When evaluating software products, the most important thing to do is prepare in advance. There are different approaches to software evaluations, and much of it depends on whether you’re considering an Off-the-Shelf (OTS) or customized application.
Remember, any technical endeavor comes with questions and choices to determine if a software product will help your organization. Although daunting, there are a few rules to follow to ensure success. This article will help chart a path for the evaluation process for selecting a software product.
Review the Proposal
The first step to choosing a software product is to review the proposal outlining the software request. The proposal should be evaluated based on how it fits the organization’s objectives and goals. Once the proposal is reviewed and gets the green light to move forward, form an evaluation team.
Form a Software Evaluation Team
A software evaluation team is not a project team. The team’s goal is to evaluate the software request and determine if it’s feasible. Depending on the complexity of the effort, the team should be small.
A typical software evaluation team should consist of the following members:
- Executive sponsors
- Team Coordinator
- Senior Business or IT Director
- Subject Matter Experts (SMEs) from each department or area requesting the software
- Technical stakeholders
The SMEs chosen should include one senior SME who has more experience in the software type requested, or in the business area asking for the application. Technical stakeholders should consist of a software engineer and other stakeholders that can speak to the technical impact of the proposed software.
Except for executive sponsors, the team should focus on the evaluation process. The executives should be engaged, but their role is to keep the process going and shift roadblocks out of the way. Once the evaluation team is in place, the software evaluation and assessment can begin.
Software Evaluation Steps
Create an Assessment Plan
An assessment plan will help determine the application request, how it functions, and who will use it. There are several elevation products available to help. For large initiatives, these applications will require an outside vendor to help guide the effort.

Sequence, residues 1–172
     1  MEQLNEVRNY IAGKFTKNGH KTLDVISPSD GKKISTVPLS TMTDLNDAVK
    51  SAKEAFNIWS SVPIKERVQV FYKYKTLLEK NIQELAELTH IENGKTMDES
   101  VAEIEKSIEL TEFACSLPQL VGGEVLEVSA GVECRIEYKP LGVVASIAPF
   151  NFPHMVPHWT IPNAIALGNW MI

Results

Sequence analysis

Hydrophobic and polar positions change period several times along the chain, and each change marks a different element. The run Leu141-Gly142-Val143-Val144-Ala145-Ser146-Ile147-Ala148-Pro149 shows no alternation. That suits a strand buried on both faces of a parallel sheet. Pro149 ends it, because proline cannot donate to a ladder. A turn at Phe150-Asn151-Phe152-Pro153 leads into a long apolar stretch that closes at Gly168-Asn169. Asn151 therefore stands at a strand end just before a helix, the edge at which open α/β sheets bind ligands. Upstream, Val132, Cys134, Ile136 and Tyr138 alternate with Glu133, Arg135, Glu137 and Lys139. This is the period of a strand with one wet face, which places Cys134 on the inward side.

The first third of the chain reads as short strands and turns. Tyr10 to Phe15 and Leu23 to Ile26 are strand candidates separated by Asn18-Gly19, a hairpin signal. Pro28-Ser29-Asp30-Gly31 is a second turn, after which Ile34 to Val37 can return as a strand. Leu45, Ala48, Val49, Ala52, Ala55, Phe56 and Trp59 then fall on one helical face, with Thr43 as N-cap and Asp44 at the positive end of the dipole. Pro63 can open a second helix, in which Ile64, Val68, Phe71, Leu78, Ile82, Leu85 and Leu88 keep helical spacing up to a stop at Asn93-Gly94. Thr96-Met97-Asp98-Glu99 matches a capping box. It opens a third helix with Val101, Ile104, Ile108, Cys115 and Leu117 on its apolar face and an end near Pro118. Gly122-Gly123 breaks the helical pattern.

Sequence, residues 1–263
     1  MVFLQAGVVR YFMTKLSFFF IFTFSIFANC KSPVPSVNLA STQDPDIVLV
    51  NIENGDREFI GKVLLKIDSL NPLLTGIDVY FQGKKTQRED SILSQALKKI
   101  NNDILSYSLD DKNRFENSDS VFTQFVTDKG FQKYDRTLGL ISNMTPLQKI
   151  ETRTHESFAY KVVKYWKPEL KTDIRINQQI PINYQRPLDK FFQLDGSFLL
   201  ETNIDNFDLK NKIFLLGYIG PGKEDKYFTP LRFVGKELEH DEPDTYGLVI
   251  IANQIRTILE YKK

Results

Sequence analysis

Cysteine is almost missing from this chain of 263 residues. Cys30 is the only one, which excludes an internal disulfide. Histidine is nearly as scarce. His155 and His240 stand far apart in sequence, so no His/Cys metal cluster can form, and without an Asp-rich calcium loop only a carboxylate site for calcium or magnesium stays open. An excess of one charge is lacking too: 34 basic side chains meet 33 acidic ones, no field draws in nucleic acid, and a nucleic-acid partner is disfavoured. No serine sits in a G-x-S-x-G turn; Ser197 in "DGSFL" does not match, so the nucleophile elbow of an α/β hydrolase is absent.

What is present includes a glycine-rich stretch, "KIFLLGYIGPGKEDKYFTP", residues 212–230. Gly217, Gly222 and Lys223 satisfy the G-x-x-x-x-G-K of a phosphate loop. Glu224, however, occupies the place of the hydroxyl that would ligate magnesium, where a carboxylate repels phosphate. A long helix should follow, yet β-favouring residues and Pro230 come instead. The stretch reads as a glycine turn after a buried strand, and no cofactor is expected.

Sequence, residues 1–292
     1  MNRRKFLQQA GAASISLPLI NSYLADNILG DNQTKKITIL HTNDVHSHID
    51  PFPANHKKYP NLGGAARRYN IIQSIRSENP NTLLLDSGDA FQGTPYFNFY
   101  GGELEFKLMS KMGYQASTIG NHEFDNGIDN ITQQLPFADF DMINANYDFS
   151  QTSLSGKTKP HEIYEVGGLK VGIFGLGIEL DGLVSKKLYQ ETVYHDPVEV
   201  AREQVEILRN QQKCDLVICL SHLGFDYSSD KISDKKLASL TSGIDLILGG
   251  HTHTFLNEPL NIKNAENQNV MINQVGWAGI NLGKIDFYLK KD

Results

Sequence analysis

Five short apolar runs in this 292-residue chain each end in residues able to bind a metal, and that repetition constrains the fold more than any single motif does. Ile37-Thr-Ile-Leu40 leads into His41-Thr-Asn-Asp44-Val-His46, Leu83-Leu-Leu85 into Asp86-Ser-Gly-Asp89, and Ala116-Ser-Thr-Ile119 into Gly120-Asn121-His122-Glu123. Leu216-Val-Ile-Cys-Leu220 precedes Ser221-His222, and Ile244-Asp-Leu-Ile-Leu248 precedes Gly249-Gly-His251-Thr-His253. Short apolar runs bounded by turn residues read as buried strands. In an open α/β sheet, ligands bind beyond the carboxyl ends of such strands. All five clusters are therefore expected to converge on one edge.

Smaller efforts can use an Excel spreadsheet to capture the business and technical requirements. Either large or small, the assessment plan should use a criteria-based or tutorial-based selection process for success.
Consider Using a Software Evaluation Company
Software evaluation companies like TechnologyAdvice can greatly help your team find the right tool. Their knowledge will help your organization select OTS or custom software deployments that meet your requirements and business goals.
These companies will thoroughly review your organization’s current hardware and software infrastructure, and then offer a narrow list of solutions for your evaluation team to assess. Especially for complex organizations, this step can ultimately save a lot of time and money.
Set Up an Evaluation Checklist
Because you should always look at multiple vendors, attending multiple demonstrations of different software is key. To help your software evaluation team keep track of how different solutions meet or do not meet the company’s requirements, it’s best to set up a checklist.
Evaluation checklists should ask the following questions:
- Why: Why is the software needed? What business problems is it meant to solve?
- Who: Identify the department or area using the software, and their specific requirements for the product.
- What: What are the system’s requirements? Will using the software require additional infrastructure, staff, or resources?
- How: How will the software be implemented? Identify current and future process maps, as well as functional and non-functional requirements for the development and implementation phase.
- When: How quickly or slowly could the software be implemented?
- Where: Are there any other areas of the business that can benefit from the application?
Want vs Need
Finally, when evaluating software products, remember to define what is requested and what is needed. Be sure there isn’t an existing in-house application that can adapt to the business need. Large corporations may already have an immediate answer to the requirements from a former software deployment.
Software evaluations do not have to be complex. By doing the upfront homework and keeping the evaluation team focused, determining the best software for a given use case is fairly straightforward. By following these guidelines, software selection can be easy to perform and rewarding to undertake.
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